There is something quite sad reading an article with hindsight about a movie never completed. At one point when discussing the high quality of the animation, the primeval's director, David Allen says " if people ar talking about this film in twenty years from now, I hope it won't simply be because of the animation". Dude, no ones going to be talking about your movie PERIOD. Unless of course they are talking about this issue of Cinefantastique.
As an aside, the primevals looks like it could have been an incredible stop motion movie. Allen kept working on it, inbetween paying gigs, till he died of cancer recently. In the article Allen sounds a bit pompous and artistically frustrated (and this was when he thought his movie was going to be completed!). He was an animator who wanted to be a filmmaker. Throughout the 30+ page article, there is mention of pre-ILM giants Denis Murren and Jim Danforth working on this. They went on to have huge careers in effects, but not so for Allen. It's sad because there are probably many like Allen scrapping around North Hollywood as I type this.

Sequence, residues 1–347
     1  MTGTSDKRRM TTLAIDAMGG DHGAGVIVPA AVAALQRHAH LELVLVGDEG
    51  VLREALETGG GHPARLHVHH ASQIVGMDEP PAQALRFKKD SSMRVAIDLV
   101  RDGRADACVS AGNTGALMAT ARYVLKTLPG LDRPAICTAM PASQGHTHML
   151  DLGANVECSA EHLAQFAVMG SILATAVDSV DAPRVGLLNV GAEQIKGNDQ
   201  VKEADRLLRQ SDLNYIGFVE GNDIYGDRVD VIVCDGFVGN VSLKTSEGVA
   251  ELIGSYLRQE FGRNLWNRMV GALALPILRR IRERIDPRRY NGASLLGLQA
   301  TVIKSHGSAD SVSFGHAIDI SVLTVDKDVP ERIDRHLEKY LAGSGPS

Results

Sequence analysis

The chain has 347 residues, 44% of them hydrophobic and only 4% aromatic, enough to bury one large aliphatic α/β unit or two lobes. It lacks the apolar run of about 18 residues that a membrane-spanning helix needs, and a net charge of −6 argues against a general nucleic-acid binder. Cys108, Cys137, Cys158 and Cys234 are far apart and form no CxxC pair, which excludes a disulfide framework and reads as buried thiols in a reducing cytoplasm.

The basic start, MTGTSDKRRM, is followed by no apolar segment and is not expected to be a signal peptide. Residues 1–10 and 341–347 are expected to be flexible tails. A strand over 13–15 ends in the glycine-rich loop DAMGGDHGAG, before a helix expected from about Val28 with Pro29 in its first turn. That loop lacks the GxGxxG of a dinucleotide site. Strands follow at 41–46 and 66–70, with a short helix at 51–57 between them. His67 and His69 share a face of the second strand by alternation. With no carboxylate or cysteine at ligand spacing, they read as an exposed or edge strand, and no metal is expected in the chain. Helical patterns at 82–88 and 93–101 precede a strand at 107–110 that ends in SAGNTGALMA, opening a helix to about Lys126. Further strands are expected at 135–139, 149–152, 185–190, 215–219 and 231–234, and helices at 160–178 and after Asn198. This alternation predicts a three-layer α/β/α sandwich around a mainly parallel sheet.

Above, a lizard man model from The Primevals.
Also in the issue is probably the most insightful article on George Romero's Martin I have ever seen. An incredible piece of genre criticism by David Batholomew. Connected to that, there's also very interesting on-set reports on Dawn Of The Dead, Piranha, and Alien (which incorrectly reports Veronica Cartwright in the role of Ripley. If only!).
Besides the Martin review, there are bunch of write ups on films that eventually became pretty classic to different audiences: Tobe Hooper's Eaten Alive, Battlestar Galactica, Halloween, The Wiz, Watership Down are all covered and most are fairly dismissed and deemed forgettable.